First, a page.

I’m Just Saying

by Jack Grover


It had been two months, 4 days, and ehhh, around 5 hours since my family sent my mom off. It’s as if she knew she had done something wrong, but she wasn’t quite sure. I’ve prayed every night she would.

My guts felt as if they had turned upside down, and my heart… It sounded as if it was mimicking the drumline at a college football game. It’s ironic, these rehab people really have it figured out. Such a dark time could only provide a dark place, but this dark place was different. It was as if everything was sugar coated. The sidewalks leading up to the building were intricate ruby red squares which matched the red clay of the Utah mountain ranges. Instead of street lights, the sidewalk was lined with antique copper gas-lamps, which had aged to a perfect shade of lime green. The lime green lamp posts were complimented by a warm sulfuric smell.

My family was from New York so the only smell we had grown used to was a mixture of air pollution and hot dog vendors on every corner.

We walked through the doors to my mom, who was glowing with beauty. Two months of sobriety looked great, or so we thought.

The cigarettes and liquor had taken a toll on my mother’s skin, which had started to grow a cherry red swell. She wasn’t herself inside and out.

My dad had been preparing my sister Lucy and I to see mom as if she was some death-ridden patient who was fragilely hanging onto life.

Not like I was surprised, but Lucy picked up her pace briskly jogging into my mom’s arms. My father and I stood in the back making sure not to interrupt the two. A look I hadn’t seen in years, my mom looked up at me with a warm welcoming smile. “Come here,” she said with her arms wide open.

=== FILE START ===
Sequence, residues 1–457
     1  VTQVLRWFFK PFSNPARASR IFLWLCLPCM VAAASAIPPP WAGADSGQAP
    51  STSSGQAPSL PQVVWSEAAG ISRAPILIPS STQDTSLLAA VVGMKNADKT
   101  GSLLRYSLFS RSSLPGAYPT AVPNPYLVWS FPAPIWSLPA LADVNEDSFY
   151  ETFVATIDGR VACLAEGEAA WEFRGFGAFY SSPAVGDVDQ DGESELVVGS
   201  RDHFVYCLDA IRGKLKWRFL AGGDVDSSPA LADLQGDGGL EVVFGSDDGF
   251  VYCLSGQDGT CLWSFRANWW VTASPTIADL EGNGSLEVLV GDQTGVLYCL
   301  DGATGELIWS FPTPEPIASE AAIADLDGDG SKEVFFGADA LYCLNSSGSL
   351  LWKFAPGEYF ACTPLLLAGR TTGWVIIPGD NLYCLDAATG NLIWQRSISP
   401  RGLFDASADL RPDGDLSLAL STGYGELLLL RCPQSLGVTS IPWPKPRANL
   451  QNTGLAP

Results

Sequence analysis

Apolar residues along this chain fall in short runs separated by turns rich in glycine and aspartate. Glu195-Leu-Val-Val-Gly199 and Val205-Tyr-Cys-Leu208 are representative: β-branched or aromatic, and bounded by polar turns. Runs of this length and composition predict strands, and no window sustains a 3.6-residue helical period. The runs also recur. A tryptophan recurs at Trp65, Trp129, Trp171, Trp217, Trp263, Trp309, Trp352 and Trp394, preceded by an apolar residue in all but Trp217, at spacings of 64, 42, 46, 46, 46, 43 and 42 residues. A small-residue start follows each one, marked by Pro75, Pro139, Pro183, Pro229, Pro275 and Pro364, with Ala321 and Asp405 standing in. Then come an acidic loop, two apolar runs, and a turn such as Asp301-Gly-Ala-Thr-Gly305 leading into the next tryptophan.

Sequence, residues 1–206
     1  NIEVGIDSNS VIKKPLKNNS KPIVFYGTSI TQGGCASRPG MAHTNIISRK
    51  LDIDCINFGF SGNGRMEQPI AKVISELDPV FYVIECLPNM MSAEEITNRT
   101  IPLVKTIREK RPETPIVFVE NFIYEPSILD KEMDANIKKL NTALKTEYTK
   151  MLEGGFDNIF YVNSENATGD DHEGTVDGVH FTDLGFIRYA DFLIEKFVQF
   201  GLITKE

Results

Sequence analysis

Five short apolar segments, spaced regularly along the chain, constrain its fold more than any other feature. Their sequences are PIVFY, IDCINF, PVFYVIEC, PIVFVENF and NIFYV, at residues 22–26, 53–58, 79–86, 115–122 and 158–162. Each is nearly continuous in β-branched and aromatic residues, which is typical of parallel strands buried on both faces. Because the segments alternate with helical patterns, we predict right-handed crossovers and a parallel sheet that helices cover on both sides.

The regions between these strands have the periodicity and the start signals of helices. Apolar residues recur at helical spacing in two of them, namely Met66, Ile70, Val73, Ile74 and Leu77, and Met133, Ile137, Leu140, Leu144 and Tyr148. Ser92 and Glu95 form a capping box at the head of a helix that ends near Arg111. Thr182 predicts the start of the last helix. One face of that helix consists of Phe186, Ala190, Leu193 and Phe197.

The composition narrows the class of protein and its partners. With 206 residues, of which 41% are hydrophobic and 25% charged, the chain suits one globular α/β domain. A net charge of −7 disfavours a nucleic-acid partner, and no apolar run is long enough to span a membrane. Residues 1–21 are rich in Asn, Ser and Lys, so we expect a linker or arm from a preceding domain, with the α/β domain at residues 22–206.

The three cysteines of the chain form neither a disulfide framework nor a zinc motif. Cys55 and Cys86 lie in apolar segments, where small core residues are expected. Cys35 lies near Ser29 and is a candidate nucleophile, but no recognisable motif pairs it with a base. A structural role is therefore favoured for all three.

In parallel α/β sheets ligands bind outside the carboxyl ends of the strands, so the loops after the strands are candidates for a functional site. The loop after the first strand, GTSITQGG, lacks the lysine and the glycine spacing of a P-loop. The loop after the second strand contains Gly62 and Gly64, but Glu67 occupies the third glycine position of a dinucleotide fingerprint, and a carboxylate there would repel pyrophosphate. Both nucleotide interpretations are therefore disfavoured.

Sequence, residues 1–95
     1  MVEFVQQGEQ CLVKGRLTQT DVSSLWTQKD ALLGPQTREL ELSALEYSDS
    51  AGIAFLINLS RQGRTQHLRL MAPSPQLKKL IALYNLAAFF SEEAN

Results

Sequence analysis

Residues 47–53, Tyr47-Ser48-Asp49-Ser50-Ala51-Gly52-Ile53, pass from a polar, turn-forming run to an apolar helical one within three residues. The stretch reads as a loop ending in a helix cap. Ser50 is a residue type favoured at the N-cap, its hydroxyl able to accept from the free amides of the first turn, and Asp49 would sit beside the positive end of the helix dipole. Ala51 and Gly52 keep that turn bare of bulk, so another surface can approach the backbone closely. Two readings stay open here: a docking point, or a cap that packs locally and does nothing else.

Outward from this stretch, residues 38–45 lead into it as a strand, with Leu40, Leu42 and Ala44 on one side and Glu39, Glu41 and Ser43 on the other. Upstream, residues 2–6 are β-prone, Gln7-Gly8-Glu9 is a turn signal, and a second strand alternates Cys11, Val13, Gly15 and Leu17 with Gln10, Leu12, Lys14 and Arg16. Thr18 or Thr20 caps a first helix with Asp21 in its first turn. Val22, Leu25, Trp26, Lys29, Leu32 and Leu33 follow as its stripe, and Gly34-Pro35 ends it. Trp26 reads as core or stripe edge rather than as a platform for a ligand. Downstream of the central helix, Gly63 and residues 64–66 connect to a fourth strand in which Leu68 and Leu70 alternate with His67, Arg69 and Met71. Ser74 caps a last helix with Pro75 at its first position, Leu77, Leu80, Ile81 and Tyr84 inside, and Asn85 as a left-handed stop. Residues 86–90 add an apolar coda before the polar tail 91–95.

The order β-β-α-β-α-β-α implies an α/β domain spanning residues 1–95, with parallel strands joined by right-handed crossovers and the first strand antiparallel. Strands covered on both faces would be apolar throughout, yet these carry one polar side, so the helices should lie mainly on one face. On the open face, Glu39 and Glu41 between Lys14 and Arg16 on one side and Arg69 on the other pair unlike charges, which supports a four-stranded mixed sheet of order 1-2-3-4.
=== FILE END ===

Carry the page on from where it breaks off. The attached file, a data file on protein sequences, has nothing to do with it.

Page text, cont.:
Yeah, I was happy and all in the moment, but just utterly confused.

The last time I saw my mom was in the airport. She “forgot” to say I love you back. Not the biggest thing in the world, but it hurt like hell.

Was everything okay?

I couldn’t remember the last time my mom yelled at me. She was a drunk, but an introverted one. I’ll never forget the day. After multiple friendly hints of concern, her drinking only got worse, and eventually out of hand.

The intervention had an eerie resemblance to one my family had done just a year ago, my own. Well, mine wasn’t full blown, but more of a nice kick in the ass. Ever since I had snuck some friends down to the river house, my parents had been on my ass. If Lucy hadn’t screwed everything up, maybe I would be telling a different story today.

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